Why envy outperforms admiration
This paper considers what motivates people to improve themselves. Across four studies the authors find that benign envy stimulates better performance. They reveal that admiration feels good but does not lead to a motivation to improve oneself. This has been labelled happy self-surrender, a feeling that the other is so good at something that one can only look with appreciation at how good the other is. Benign envy (not malicious envy), on the other hand, feels frustrating but it does lead to a motivation to improve. Labelled unhappy self-assertion, a negative feeling about oneself that arises from a comparison to the outstanding other but that does elevate effort and performance. So, the answer to the question whether to admire or to be envious might depend on what matters most: feeling better or performing better.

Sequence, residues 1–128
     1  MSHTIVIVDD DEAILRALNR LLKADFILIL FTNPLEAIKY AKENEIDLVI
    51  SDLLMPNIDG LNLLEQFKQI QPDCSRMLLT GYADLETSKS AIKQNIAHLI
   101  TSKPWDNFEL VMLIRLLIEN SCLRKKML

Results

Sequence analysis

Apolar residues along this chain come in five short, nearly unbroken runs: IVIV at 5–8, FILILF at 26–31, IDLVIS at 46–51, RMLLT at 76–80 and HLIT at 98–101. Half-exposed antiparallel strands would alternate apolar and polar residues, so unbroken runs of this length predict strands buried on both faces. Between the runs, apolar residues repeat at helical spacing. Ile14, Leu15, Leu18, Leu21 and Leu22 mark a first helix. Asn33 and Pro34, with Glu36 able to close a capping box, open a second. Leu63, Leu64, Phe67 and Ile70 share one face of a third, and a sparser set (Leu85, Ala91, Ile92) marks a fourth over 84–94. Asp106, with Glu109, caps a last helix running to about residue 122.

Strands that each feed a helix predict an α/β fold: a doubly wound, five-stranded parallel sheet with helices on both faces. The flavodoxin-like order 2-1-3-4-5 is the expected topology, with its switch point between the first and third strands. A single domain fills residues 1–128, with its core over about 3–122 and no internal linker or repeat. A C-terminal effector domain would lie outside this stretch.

Four studies tested the hypothesis that the emotion of benign envy, but not the emotions of admiration or malicious envy, motivates people to improve themselves. Studies 1 to 3 found that only benign envy was related to the motivation to study more (Study 1) and to actual performance on the Remote Associates Task (which measures intelligence and creativity; Studies 2 and 3). Study 4 found that an upward social comparison triggered benign envy and subsequent better performance only when people thought self-improvement was attainable. When participants thought self-improvement was hard, an upward social comparison led to more admiration and no motivation to do better. Implications of these findings for theories of social emotions such as envy, social comparisons, and for understanding the influence of role models are discussed.
van de Ven, N., Zeelenberg, M., & Pieters, R. (2011). Why Envy Outperforms Admiration Personality and Social Psychology Bulletin DOI: 10.1177/0146167211400421